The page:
434
Chapter 12
including the collagen fi bers underlying damaged endothe-
lium. The contact activation of factor XII to XIIa is a complex
process that requires the participation of several other plasma
proteins not shown in Figure 12–76. (Contact activation also
explains why blood coagulates when it is taken from the body
and put in a glass tube. This has nothing whatever to do with
exposure to air, but happens because the glass surface acts like
collagen and induces the same activation of factor XII and
aggregation of platelets as a damaged vessel surface. A silicone
coating delays clotting by reducing the activating effects of
the glass surface.)
Factor XIIa then catalyzes the activation of factor XI to
factor XIa, which activates factor IX to factor IXa. This last
factor then activates factor X to factor Xa, which is the enzyme
that converts prothrombin to thrombin. Note in Figure 12–76
that another plasma protein—factor VIIIa—serves as a cofac-
tor (not an enzyme) in the factor IXa-mediated activation of
Figure 12–76
Two clotting pathways—intrinsic and extrinsic—merge and can lead to the generation of thrombin. Under most physiological conditions,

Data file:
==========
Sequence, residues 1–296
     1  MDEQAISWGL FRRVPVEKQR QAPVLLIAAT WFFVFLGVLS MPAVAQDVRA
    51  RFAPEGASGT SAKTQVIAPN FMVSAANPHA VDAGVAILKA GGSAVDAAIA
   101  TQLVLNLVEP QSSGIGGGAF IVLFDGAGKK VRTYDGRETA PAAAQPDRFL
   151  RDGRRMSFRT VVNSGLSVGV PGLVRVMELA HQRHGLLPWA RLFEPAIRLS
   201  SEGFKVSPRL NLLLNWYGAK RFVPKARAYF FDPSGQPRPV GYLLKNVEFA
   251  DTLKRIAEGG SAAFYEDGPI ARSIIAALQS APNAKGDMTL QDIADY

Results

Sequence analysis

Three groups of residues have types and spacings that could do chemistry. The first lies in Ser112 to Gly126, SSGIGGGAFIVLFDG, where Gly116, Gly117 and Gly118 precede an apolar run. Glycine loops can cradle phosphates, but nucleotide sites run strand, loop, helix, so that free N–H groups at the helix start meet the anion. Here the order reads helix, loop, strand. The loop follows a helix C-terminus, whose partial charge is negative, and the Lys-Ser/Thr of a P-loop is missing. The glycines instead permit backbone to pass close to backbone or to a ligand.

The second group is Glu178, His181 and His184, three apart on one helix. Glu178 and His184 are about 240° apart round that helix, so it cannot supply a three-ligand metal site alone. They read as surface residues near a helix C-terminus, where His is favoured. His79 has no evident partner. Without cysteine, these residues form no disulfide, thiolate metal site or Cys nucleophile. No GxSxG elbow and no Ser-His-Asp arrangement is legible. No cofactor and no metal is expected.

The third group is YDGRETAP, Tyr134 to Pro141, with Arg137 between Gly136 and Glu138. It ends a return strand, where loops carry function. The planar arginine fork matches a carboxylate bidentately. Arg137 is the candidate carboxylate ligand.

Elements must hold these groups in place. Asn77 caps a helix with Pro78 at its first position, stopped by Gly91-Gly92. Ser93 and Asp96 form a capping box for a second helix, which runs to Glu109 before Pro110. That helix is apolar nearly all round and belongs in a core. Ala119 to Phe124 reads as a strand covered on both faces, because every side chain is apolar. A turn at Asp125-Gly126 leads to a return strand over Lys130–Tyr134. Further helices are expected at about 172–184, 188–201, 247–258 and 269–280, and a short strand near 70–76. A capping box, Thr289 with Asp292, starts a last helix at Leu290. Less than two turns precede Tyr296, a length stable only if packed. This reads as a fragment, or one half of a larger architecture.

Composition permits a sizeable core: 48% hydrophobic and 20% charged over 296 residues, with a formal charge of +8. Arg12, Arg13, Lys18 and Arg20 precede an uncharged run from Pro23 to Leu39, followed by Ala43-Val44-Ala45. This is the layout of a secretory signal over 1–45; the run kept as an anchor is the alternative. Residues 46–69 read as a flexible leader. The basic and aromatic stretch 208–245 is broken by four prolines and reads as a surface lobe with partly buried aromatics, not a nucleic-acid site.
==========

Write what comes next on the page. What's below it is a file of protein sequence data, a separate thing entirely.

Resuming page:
however, factor XII and the contact activation step that begin the intrinsic pathway probably play little, if any, role in clotting. Rather, clotting
is initiated solely by the extrinsic pathway, as described in the text. You might think that factors IX and X were accidentally transposed in
the intrinsic pathway, but this is not the case; the order of activation really is XI, IX, and X. For the sake of clarity, the roles calcium plays in
clotting are not shown.
Subendothelial cells
exposed to blood
Tissue factor
Contact
activation
Xa
XX
Va
VIIa
VII
Activated
platelets
Activated
platelets
Intrinsic pathway
Extrinsic pathway
Vessel damage
Thrombin
Prothrombin
IX
XIIa
XII
IXa
IX
VIIIa
VIII
XIa
XI
Vessel damage
Exposed collagen
V
Table 12–13
Offi cial Designations for Clotting
Factors, Along with Synonyms More
Commonly Used
Factor I (fi brinogen)
Factor Ia (fi brin)
Factor II (prothrombin)
Factor IIa (thrombin)
Factor III (tissue factor, tissue thromboplastin)
Factor IV (Ca
2+
)
Factors V, VII, VIII, IX, X, XI, XII, and XIII are the inactive
forms of these factors; the active forms add an “a” (e.g., factor
XIIa). There is no factor VI.
Platelet factor (PF)
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